A guest blog post by David McLaughlin, CEO, Blue River Information Technology. This blog was originally posted on GovDataDownload.
Jeff Bezos’ purchase of the Washington Post newspaper has produced a lot of media reaction, some of it focused on Amazon, the company he founded in 1994. While Bezos purchased the paper as an individual and not through Amazon, the move can’t help but make Amazon a bigger presence in the nation’s capital.
Amazon and other Internet giants like Google have leveraged the infrastructures they set up for their initial businesses – in Google’s case to support their keyword based advertising, and in Amazon’s to support their leading ecommerce offering – to create new businesses. With Amazon, this is to offer reliable and scalable cloud services to government, commercial and consumers.
If you’re a federal IT professional you are probably well aware of Amazon’s highly successful, cloud-based Infrastructure-as-a-Service (IaaS) solution that provisions compute and storage resources on demand. There are many potential advantages to this new computing model for IT departments: it allows them to be more responsive to their organization’s requirements – more agile and flexible.
New projects can be up and running immediately – no more waiting for funding and then procuring and deploying the systems. No more redundant equipment when a short term project is finished and the systems are no longer needed. And it’s an Opex model – avoiding those large, up-front capital outlays.
That’s all good, but a move to cloud is not always as simple as it is sometimes portrayed. For most federal agencies, it is more than Internet access and a credit card.
Federal agencies have developed their existing on-premise infrastructures based on their requirements. In addition to the functionality they needed in their applications and tools, they considered things like data security, protection, compliance, management capabilities, SLAs with their user departments etc. When moving to cloud, the same considerations apply – so understanding what the cloud provider offers is critical and understanding how to leverage the existing investment is no less important.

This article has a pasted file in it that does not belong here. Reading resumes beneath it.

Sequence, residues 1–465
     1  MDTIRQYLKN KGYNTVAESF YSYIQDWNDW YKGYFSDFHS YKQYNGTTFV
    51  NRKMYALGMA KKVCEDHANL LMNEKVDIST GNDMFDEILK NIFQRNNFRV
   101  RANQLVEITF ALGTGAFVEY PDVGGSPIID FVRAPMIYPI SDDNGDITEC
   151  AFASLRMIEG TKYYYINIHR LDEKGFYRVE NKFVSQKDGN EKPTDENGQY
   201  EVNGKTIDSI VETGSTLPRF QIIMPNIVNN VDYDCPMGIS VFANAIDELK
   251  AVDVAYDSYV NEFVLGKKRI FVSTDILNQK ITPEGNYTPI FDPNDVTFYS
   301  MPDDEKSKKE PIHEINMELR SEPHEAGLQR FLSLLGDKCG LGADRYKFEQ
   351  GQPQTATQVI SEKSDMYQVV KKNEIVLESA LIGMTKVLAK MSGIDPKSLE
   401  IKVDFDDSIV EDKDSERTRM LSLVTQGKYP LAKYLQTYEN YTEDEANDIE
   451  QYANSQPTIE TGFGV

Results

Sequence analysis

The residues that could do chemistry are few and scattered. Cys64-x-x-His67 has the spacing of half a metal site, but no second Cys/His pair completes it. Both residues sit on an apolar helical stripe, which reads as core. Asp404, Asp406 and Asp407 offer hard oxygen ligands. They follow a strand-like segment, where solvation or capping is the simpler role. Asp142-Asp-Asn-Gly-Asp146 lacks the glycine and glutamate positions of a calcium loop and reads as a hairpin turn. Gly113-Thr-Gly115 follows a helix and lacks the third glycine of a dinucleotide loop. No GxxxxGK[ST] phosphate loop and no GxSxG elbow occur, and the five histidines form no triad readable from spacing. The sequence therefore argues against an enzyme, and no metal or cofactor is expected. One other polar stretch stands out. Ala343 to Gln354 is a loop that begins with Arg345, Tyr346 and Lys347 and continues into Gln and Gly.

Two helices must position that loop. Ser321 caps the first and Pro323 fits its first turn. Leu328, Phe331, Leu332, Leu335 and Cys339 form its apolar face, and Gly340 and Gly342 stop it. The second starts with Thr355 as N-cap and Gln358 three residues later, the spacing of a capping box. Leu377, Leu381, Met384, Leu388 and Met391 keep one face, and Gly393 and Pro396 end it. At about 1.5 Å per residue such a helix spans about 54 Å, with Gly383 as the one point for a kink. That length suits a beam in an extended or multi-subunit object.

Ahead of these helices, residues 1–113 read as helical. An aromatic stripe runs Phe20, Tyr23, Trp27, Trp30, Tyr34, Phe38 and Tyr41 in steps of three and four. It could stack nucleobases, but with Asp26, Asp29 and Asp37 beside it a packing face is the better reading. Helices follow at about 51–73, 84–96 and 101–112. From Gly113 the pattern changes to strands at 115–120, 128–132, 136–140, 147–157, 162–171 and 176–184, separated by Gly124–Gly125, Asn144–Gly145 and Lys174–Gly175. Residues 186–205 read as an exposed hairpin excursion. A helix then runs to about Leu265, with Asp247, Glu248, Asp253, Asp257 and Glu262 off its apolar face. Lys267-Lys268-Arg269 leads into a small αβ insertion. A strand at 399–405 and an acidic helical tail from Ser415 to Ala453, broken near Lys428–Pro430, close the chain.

While Amazon Web Services (AWS) continues to gain momentum with its public cloud offering, another company has become a leading technology provider for the on-premise/private cloud model. NetApp has played a major part in the success of agencies’ efforts to build their own cloud environments.
There’s a lot to consider when moving to cloud. For example, how do you manage, secure and protect your data? How do you integrate the cloud and on-premise environments? How do admins manage it? What about sensitive data, performance, etc.?
My firm has been working closely with AWS for two years and with NetApp for far longer. We’ve learned a lot over that time crafting successful deployments that offer the best of both worlds. At a high level, what we do with customers using NetApp is to create a private cloud environment at a highly secure Equinix facility that is co-located right next to one of AWS’ main centers.
The customer’s data is stored on NetApp storage systems – which can be their own, or they can use a service where we provide and manage them. NetApp functionality is the same as in their on-premise data center, managed by the same administrators. There is a high speed direct connection between the NetApp Private Cloud at Equinix and the AWS center. NetApp’s SnapManager is used to replicate data between the on-premise and private cloud environments.
Once this is set up, it creates a seamless, hybrid cloud/on-premise infrastructure. Data in the NetApp Private Cloud can utilize AWS compute resources creating a platform that can be used, for example, for disaster recovery, dev/test, backup, running applications and archiving to AWS low cost storage.
Moving to the cloud is a big decision. Make sure you’re leveraging a proven path and the right partners to do it right.
David McLaughlin, CEO, Blue River Information Technology
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